Kids' Health Rules You Should Break

Don't Go Outside With Wet Hair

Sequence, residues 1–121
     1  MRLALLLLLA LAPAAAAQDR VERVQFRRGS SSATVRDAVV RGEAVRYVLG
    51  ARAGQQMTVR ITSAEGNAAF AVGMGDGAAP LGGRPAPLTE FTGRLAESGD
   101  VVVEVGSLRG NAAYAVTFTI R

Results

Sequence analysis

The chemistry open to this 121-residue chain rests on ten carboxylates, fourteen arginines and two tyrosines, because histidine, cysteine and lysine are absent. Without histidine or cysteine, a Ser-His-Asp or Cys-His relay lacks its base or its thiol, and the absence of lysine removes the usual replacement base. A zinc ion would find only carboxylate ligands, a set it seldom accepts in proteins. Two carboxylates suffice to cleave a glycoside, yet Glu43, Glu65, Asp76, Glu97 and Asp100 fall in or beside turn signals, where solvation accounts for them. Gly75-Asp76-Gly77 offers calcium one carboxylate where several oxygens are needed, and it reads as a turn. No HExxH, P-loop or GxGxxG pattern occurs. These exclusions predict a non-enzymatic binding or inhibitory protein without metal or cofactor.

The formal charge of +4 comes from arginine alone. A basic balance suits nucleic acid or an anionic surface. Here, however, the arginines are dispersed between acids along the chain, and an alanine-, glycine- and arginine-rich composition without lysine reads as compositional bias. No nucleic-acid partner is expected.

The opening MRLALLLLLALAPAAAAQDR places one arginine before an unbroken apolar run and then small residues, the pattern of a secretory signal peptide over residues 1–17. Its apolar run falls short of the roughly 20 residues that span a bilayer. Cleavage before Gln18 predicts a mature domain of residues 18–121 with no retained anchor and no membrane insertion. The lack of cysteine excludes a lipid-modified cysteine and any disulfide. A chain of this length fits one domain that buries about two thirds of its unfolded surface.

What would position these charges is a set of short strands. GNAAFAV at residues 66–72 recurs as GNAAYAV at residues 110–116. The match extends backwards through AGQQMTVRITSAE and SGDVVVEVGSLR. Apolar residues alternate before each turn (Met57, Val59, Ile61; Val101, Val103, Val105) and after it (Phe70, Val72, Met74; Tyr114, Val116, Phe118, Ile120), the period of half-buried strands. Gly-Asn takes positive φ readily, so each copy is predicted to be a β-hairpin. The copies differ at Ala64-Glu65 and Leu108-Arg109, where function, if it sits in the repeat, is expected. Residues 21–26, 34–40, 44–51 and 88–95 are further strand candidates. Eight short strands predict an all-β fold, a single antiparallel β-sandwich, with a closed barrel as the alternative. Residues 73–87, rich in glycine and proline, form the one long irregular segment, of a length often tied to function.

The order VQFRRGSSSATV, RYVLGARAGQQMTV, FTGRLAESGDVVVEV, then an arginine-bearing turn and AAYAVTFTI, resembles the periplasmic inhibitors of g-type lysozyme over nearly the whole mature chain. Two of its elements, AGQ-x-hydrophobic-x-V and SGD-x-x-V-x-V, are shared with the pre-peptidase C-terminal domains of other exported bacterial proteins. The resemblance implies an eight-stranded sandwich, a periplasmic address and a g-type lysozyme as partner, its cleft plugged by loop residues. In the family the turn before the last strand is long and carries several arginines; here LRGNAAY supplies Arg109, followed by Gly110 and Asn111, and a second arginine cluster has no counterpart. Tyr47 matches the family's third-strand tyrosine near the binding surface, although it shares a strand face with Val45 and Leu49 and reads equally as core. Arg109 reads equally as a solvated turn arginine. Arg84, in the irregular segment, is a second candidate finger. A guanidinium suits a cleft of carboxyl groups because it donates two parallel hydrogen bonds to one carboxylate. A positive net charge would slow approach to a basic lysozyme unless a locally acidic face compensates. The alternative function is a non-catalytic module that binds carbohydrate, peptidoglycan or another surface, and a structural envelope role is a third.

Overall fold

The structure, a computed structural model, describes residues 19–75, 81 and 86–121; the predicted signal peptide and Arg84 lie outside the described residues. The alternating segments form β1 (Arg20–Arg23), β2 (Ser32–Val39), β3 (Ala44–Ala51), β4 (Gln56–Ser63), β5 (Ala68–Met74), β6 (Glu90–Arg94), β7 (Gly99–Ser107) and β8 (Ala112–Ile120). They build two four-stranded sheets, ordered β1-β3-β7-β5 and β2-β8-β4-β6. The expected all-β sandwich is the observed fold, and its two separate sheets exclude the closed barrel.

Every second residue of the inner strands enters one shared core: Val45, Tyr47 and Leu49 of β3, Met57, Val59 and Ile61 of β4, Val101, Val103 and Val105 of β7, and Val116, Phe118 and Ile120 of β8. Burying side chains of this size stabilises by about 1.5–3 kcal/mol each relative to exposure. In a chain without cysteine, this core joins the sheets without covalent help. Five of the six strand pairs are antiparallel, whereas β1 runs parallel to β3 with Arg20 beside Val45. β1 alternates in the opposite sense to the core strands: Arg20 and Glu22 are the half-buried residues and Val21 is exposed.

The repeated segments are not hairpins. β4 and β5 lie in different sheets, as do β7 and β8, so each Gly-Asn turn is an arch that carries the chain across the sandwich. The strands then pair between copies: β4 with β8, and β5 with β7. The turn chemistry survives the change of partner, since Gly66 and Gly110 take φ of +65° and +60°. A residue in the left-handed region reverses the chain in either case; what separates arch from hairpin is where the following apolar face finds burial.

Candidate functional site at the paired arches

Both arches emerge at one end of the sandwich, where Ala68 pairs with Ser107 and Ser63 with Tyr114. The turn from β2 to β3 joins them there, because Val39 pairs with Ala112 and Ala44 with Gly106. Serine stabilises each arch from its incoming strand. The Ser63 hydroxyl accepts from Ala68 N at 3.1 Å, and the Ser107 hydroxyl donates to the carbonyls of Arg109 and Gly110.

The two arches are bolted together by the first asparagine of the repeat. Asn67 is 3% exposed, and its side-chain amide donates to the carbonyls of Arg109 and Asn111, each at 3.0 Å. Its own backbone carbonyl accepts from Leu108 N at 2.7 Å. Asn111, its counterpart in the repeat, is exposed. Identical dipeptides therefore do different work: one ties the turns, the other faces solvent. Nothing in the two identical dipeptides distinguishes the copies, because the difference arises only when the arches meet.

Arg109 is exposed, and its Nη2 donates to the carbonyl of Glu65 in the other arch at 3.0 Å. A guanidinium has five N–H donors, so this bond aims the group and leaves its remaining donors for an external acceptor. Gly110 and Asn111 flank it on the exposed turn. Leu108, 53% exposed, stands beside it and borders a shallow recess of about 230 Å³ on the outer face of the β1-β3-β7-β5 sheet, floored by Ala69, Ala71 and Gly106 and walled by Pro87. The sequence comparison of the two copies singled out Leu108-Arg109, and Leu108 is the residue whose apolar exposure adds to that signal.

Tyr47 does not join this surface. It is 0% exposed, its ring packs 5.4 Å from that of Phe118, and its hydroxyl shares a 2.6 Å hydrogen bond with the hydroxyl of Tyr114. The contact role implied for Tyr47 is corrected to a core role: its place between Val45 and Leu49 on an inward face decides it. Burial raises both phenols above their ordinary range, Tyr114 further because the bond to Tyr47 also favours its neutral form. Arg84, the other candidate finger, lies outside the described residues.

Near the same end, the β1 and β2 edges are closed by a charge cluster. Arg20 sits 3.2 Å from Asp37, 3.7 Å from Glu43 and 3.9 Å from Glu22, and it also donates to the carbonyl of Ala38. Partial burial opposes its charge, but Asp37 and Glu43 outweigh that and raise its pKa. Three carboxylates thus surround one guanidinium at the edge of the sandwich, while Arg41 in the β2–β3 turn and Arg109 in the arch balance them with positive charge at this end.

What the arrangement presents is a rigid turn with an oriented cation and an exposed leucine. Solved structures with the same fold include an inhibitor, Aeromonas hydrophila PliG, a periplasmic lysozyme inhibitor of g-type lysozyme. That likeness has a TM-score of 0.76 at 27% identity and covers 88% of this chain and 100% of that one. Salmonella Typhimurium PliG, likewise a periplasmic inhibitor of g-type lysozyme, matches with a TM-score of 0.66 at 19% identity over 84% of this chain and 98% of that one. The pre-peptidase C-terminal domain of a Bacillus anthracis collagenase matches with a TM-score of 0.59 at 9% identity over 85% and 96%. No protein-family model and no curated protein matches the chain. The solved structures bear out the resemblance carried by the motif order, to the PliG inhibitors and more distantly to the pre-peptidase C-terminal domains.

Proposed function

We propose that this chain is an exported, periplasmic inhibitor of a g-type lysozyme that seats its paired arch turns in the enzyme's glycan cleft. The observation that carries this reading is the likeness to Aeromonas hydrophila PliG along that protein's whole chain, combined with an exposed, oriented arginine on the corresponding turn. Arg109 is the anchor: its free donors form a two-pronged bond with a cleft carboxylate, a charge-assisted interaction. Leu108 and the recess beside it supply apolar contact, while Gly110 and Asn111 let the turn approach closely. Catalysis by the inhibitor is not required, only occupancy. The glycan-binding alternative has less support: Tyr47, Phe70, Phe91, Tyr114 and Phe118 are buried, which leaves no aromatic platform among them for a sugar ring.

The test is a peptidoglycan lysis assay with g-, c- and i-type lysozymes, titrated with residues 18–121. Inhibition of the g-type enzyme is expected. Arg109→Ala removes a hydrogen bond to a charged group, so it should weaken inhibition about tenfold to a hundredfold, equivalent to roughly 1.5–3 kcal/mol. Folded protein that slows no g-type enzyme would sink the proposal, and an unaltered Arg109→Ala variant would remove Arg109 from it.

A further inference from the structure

The real deal: "Germs cause illness," says Meg Fisher, M.D., chair of pediatrics at Monmouth Medical Center, in Long Branch, New Jersey. "And viruses and bacteria don't care whether it's hot or cold outside." Both the flu and the common cold are spread by person-to-person contact, such as holding hands or sharing a cup with someone who is infected. There's no evidence that temperature has any effect on the onset of illness. Still, if you have the time, dry your child's hair before she heads out into frigid temperatures. Moisture in the hair can freeze and make her chilly and uncomfortable.

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